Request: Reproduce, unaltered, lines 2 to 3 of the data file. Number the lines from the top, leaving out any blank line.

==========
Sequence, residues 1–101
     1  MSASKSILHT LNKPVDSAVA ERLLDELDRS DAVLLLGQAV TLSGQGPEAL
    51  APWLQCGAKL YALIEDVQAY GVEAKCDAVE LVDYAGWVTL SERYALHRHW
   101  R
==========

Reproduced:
     1  MSASKSILHT LNKPVDSAVA ERLLDELDRS DAVLLLGQAV TLSGQGPEAL
    51  APWLQCGAKL YALIEDVQAY GVEAKCDAVE LVDYAGWVTL SERYALHRHW